On May 10, 2020, Iranian authorities arrested Reza Eslami-Somea, a professor at Shahid Beheshti University (SBU), for organizing and facilitating a course on the rule of law. He was ultimately convicted of “cooperating with hostile foreign powers” and sentenced to seven years’ imprisonment and a ban on travel outside the country and teaching.
Eslami, a dual Canadian-Iranian citizen, teaches human rights and environmental law. He obtained his his PhD at Canada’s McGill University. The author of more than a dozen books and articles on human rights law, Eslami was most recently a visiting fellow at McGill during the 2019-2020 academic year.
Agents of Iran’s Ministry of Intelligence arrested Eslami at his office at SBU and confiscated his phone, computer, and several academic books. Authorities initially did not disclose Eslami’s whereabouts or the grounds for his arrest.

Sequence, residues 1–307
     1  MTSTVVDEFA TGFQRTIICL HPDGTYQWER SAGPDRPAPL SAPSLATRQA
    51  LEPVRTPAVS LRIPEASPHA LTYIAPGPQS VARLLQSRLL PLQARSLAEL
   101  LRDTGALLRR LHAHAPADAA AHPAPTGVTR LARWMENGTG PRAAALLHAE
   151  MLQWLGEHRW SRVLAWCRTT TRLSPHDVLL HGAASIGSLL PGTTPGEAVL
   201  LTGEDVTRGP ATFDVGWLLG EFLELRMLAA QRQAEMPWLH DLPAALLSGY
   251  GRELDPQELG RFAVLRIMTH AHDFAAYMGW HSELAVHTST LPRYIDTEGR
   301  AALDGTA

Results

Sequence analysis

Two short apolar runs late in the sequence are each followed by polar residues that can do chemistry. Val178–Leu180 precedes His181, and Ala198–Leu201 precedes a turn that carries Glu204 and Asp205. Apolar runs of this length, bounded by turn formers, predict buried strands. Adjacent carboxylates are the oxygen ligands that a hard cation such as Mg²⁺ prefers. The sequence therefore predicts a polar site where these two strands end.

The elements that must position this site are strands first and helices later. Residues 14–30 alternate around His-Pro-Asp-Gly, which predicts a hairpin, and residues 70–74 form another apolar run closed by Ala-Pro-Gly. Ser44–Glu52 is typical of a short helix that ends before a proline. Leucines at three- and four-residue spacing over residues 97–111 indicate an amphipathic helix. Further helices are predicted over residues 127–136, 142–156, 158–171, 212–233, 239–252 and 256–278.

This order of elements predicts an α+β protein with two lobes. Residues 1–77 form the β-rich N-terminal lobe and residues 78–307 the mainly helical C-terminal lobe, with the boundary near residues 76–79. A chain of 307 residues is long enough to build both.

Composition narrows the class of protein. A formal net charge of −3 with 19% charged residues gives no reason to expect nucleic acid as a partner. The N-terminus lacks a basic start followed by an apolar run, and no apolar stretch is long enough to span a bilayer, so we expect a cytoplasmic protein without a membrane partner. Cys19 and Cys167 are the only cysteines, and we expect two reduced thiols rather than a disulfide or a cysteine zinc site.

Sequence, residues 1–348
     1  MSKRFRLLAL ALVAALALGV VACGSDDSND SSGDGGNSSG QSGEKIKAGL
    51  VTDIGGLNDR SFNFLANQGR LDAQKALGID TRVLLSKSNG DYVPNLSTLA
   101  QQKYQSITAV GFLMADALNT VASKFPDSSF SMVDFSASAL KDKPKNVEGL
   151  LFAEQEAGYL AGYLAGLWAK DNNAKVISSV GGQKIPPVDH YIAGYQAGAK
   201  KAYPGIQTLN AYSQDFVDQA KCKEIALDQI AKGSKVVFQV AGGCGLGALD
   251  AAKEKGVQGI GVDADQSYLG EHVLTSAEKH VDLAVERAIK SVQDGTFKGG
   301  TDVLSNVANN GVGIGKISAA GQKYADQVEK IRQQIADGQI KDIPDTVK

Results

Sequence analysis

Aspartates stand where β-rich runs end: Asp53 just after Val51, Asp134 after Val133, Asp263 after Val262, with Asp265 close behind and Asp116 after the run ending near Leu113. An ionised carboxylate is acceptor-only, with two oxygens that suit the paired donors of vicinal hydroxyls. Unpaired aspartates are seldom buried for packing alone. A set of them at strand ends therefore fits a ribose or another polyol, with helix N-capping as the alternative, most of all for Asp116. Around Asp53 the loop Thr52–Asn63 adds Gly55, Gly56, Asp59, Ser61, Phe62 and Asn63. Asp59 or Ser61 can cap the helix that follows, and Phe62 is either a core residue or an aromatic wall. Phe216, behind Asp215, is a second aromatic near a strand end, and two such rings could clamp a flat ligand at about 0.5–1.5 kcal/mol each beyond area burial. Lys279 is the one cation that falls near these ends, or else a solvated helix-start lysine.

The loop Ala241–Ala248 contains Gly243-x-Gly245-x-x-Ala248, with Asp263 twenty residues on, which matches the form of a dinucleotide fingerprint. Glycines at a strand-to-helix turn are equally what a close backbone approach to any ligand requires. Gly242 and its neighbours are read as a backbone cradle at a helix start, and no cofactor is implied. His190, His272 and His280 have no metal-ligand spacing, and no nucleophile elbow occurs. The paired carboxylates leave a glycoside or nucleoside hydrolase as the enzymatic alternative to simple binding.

State authorities held Eslami in pre-trial detention until Branch 15 of the Islamic Revolutionary Court held its first hearing on October 20, 2020. Eslami was officially charged with “cooperating with an enemy state” for participating in a law training course in the Czech Republic. The course was reportedly sponsored by a US-based NGO. Before the trial’s start date, Mr. Eslami released an audio file denying any contact with an American organization or government agency and called the charges against him “false” and “baseless.”
In February 2021, it was reported that the court convicted and sentenced Eslami to seven years’ imprisonment. His sentencing also includes a ban on travel outside Iran and a ban on teaching.
According to the NGO Iran Human Rights, Eslami was put in the general ward of Evin Prison following his sentencing. It has not been reported whether he is appealing the conviction and sentence.
Scholars at Risk is concerned about the arrest, prosecution, and imprisonment of a scholar and the imposition of a ban on teaching and foreign travel in apparent retaliation for the nonviolent exercise of the right to academic freedom — conduct that is expressly protected by international human rights instruments including the Universal Declaration of Human Rights and the International Covenant on Civil and Political Rights, to which Iran is a party. State authorities have a responsibility to abstain from restricting or retaliating against nonviolent academic work. In addition to the harm to the immediate victim, such actions undermine academic freedom and democratic society generally.